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Auckland Plastic Surgical Centre - Tristan de Chalain

Private Service

Breast Reconstruction

When a breast has been removed (mastectomy) because of cancer or other disease, it is possible in most cases to reconstruct a breast similar to a natural breast. A breast reconstruction can be performed as part of the breast removal operation or can be performed months or years later.
There are two methods of breast reconstruction: one involves using an implant, either alone or in combination with a flap of tissue taken from another part of your body; the other uses tissue taken from another part of your body such as the abdomen or back without using an implant. There may be medical reasons why one of these methods is more suitable for you. There are usually several options from which you can choose.
 
Implants
A silicone bag filled with either silicone gel or saline (salt water) is inserted underneath the chest muscle and skin. Before being inserted, the skin will sometimes need to be stretched to the required breast size. This is done by placing an empty bag (called a tissue expander) where the implant will finally go, and gradually filling it with saline over weeks or months. The bag is then replaced by the implant in an operation that will take about 1.5 hours under general anaesthesia. Reconstruction by implant or tissue expander followed by implant is often done on an outpatient day stay basis.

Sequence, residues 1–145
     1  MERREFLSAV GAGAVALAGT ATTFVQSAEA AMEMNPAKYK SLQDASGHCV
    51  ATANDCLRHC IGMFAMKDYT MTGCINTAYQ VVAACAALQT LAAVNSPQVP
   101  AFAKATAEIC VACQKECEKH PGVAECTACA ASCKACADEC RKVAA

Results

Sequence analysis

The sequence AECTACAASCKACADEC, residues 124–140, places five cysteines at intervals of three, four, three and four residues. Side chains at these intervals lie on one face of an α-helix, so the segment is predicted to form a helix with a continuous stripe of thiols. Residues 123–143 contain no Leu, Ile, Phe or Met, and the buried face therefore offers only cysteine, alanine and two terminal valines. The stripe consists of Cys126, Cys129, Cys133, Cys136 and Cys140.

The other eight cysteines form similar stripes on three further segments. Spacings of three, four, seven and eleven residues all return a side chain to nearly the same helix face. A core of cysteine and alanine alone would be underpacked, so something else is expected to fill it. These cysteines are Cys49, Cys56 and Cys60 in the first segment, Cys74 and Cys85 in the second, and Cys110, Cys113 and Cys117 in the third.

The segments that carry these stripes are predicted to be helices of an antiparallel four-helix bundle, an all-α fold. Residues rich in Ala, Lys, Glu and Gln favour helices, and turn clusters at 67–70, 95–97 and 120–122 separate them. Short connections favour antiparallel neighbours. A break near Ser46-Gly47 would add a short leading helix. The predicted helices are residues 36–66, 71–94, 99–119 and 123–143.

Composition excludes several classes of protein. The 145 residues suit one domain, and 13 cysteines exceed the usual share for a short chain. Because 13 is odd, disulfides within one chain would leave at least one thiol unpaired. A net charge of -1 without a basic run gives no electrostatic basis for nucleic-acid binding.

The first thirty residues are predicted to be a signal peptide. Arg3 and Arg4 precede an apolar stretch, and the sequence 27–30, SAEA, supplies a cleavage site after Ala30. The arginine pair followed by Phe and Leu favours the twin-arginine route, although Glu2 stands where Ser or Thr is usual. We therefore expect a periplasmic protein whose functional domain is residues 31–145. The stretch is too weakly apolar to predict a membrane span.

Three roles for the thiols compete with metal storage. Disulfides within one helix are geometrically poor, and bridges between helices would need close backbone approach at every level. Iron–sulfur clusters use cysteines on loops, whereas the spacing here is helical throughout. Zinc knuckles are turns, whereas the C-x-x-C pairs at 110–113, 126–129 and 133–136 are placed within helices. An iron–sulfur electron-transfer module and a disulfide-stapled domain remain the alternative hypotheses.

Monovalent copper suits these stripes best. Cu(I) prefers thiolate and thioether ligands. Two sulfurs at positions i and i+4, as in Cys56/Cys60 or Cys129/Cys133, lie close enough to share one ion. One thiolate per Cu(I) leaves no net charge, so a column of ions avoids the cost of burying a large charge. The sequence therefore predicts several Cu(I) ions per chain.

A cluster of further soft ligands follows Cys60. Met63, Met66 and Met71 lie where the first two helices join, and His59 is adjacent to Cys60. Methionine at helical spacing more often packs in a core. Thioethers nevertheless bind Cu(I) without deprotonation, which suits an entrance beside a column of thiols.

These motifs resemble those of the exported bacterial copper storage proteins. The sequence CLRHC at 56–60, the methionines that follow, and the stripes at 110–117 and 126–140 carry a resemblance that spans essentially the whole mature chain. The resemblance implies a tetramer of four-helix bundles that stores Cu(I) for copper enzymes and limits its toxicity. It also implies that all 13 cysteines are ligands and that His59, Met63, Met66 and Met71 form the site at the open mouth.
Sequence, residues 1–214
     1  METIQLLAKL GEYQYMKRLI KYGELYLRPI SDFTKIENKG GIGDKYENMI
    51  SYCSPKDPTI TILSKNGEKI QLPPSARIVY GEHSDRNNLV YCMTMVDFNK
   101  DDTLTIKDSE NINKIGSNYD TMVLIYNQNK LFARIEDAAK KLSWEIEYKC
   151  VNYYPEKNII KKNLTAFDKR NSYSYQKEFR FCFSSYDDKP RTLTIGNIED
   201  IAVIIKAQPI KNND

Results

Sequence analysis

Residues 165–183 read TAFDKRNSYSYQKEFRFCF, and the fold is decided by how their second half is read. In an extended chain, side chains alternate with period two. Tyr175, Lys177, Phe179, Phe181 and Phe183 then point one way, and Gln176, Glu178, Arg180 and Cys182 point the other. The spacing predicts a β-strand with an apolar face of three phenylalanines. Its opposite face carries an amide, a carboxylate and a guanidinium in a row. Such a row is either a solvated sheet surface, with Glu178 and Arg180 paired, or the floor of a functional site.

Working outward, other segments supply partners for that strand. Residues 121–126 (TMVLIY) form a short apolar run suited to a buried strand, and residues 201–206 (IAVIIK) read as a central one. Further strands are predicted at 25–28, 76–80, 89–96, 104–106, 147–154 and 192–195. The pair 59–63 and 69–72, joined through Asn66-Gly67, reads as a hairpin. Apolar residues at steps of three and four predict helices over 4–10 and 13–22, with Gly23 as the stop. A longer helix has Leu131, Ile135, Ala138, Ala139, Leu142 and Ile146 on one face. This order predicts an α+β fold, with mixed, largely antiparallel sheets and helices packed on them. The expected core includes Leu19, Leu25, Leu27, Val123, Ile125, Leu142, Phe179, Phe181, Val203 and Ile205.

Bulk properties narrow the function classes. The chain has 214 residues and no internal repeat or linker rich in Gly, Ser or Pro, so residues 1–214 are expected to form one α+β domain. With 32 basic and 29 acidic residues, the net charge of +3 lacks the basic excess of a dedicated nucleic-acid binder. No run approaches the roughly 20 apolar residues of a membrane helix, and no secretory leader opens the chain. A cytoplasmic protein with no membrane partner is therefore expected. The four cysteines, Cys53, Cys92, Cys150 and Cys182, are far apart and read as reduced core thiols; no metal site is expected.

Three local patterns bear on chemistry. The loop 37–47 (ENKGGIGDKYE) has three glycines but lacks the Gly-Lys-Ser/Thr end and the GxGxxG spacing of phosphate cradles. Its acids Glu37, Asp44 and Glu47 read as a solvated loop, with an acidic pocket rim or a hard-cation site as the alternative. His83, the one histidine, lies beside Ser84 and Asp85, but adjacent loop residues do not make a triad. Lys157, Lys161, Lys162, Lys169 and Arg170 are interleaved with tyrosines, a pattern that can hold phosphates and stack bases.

Flap Reconstruction
A skin flap taken from another part of the body such as your back (latissimus dorsi flap), abdomen (rectus abdominus flap) or buttocks (gluteal flap), is used to reconstruct the breast. If taken from the back or abdomen the skin flap is left attached to the muscle through which the blood supply comes. Abdominal and buttock tissue can also be transferred as a 'free flap' (detached from the body) and then reattached by joining up the main artery and veins using an operating microscope. This is a much more complicated operation than having an implant and may last up to 6 hours and require a 5- to 7-day stay in hospital.
The most common type of breast reconstruction is the "TRAM flap" (Transverse Rectus Abdominus Musculo-cutaneous flap). The skin, fat and muscle from the lower abdomen is freed then tunnelled up under the skin to lie where the breast used to be. The 'flap' of tissue is then shaped to look like a breast and sutured into position. A nipple is usually reconstructed 3-6 months later and at the same time the other breast can be reduced or uplifted to match if needed.

For the unfortunate woman who has lost a breast to cancer, having either an immediate or delayed reconstruction can give a huge psychological boost to improve self esteem and quality of life, as well as a big improvement in appearance!

This page was last updated at 9:56AM on September 18, 2019.